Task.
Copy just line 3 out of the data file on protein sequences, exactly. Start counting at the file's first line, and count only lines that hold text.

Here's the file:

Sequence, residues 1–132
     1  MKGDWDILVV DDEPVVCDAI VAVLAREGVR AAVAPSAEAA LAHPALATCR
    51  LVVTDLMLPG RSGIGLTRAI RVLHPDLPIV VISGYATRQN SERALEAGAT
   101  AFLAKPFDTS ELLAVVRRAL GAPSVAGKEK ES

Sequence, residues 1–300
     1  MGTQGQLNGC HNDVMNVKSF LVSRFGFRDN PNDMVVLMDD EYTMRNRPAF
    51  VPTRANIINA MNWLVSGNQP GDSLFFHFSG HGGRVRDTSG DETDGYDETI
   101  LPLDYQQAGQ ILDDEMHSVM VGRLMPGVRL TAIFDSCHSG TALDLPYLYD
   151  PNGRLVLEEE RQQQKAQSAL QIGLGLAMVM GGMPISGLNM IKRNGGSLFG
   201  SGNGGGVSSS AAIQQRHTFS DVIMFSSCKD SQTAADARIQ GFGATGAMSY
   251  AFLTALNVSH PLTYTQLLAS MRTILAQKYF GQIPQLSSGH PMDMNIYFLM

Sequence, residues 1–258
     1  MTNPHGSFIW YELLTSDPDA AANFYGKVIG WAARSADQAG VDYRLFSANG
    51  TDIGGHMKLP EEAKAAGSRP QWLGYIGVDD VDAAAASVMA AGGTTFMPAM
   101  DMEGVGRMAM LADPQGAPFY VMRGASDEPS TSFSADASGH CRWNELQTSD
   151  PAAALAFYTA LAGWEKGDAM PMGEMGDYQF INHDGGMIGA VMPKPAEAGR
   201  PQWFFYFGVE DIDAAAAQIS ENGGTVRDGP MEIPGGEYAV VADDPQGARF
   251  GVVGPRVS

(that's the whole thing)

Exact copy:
    51  LVVTDLMLPG RSGIGLTRAI RVLHPDLPIV VISGYATRQN SERALEAGAT